My Two Cents: Indiana's Historic Losing Streak to Purdue is Downright Embarrassing

It takes a good history lesson a century in the making to fully explain how horrible Archie Miller's 0-6 record is against Purdue, and there's no quick-fix in sight.
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BLOOMINGTON, Ind. – This is the story of John Wooden and George Levis, one basketball name that you know, and another that you don't. But their ghosts were hovering above the cardboard cutouts at Assembly Hall Thursday night, and they help us tell the story of the Purdue-Indiana basketball rivalry.

Rivalry? Can we still use that word?

Just for a moment, let's stay in present time. Purdue, as you know, beat Indiana 81-69 Thursday. It was the eighth straight victory for the Boilermakers in the in-state showdown, and it's been 1,790 days since Indiana last won in this series on Feb. 20, 2016. That's 1,790 and counting now.

It's the longest winning streak in the rivalry dating all the way back to 1929-35, when Purdue won nine in a row during much of the John Wooden era. Wooden, who would later win 10 national championships as a coach at UCLA, was a great player at Purdue too, and the Martinsville, Ind., native was a big part of that long winning streak.

It's also the fifth straight time that Purdue has won at Assembly Hall, becoming just the second opponent ever to win five in a row in the iconic building (Wisconsin 2008-13).

What makes it even worse is that it's not like Purdue has come to Bloomington with a roster full of first-round draft picks every year. Quite frankly, it's the Hoosiers who have had better rosters the past few years, or so you'd think.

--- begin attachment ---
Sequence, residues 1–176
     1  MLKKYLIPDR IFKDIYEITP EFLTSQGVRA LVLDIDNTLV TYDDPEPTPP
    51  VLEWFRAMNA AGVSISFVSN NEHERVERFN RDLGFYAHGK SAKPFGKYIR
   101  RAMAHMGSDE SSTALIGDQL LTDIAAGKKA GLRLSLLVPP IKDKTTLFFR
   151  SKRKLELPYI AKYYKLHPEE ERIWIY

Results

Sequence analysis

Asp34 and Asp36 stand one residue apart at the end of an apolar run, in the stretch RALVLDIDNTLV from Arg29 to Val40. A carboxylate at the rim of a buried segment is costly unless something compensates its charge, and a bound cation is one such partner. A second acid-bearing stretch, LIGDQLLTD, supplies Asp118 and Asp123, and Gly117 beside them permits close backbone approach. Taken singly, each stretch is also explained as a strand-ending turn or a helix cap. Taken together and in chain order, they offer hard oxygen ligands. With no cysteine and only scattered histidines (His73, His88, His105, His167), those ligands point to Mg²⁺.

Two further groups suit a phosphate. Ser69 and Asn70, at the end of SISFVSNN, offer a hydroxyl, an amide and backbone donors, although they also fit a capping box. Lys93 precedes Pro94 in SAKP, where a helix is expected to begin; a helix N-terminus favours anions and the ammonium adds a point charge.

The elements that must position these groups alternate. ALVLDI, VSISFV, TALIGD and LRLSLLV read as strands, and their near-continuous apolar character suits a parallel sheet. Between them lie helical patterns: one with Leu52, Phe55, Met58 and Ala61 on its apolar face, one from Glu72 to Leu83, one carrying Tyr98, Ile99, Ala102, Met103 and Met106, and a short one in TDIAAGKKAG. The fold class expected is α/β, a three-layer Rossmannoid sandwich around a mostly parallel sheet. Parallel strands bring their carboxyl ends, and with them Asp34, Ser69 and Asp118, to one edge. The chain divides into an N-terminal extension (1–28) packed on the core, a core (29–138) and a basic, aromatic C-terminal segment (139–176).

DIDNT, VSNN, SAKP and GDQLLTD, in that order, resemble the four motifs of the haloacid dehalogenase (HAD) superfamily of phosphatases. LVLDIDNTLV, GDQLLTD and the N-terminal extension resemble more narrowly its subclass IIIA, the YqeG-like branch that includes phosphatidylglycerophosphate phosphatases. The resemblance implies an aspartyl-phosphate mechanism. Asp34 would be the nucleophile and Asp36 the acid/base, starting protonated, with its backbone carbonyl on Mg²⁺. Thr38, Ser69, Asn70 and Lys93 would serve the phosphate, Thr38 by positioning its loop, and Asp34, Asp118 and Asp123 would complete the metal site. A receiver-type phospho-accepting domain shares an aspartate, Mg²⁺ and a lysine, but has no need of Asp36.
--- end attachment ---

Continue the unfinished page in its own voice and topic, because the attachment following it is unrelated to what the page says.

Point spreads don't have anything to do with college basketball other than giving the degenerates a number to shoot at. But in these rivalry games, it shows a disturbing trend.

Thursday night, Indiana was a four-point favorite ... and lost. A year ago, it was the same thing. The Hoosiers were favored by four points in the most electric building I've ever been in because of Bob Knight's return ... and lost by 12 in a ridiculously uninspiring performance. There were Indiana losses at home in 2019, 2018 and 2017, too, in toss-up games.

It's been bad enough to lose, but how they have lost has been mind-numbing. It just seems like Purdue wanted it more, and that's disgusting. Indiana has played poorly at the most important time. It's Purdue, for Pete's sake.

Indiana coach Archie Miller has lost the last four of those home games in this rivalry. And counting two other losses at West Lafayette, Miller is now 0-6 against Purdue.

ZERO-and-6.

Which brings us to your Indiana basketball history lesson.

A century of success

Tom Crean could beat Purdue, not often enough, of course, but he did it five times actually. So did Kelvin Sampson and Mike Davis. Bob Knight won a bunch, of course, as did Lou Watson and Branch McCracken and Everett Dean and on and on. Even short-term IU coaches like Harry Good (1943-46) and Leslie Mann (1922-24) had wins over Purdue on their resume.